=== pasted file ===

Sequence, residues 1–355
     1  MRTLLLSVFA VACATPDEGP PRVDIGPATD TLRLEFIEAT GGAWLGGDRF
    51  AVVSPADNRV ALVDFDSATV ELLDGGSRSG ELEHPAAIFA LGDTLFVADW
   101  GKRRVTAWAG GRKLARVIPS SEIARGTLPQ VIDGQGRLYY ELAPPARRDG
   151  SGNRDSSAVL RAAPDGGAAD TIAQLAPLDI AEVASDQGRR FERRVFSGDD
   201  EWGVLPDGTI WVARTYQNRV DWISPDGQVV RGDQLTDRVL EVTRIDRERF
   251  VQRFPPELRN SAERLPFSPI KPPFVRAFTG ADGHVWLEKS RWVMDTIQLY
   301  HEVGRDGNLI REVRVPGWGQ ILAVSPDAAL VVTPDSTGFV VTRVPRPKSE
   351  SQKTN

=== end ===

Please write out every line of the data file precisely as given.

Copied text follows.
Sequence, residues 1–355
     1  MRTLLLSVFA VACATPDEGP PRVDIGPATD TLRLEFIEAT GGAWLGGDRF
    51  AVVSPADNRV ALVDFDSATV ELLDGGSRSG ELEHPAAIFA LGDTLFVADW
   101  GKRRVTAWAG GRKLARVIPS SEIARGTLPQ VIDGQGRLYY ELAPPARRDG
   151  SGNRDSSAVL RAAPDGGAAD TIAQLAPLDI AEVASDQGRR FERRVFSGDD
   201  EWGVLPDGTI WVARTYQNRV DWISPDGQVV RGDQLTDRVL EVTRIDRERF
   251  VQRFPPELRN SAERLPFSPI KPPFVRAFTG ADGHVWLEKS RWVMDTIQLY
   301  HEVGRDGNLI REVRVPGWGQ ILAVSPDAAL VVTPDSTGFV VTRVPRPKSE
   351  SQKTN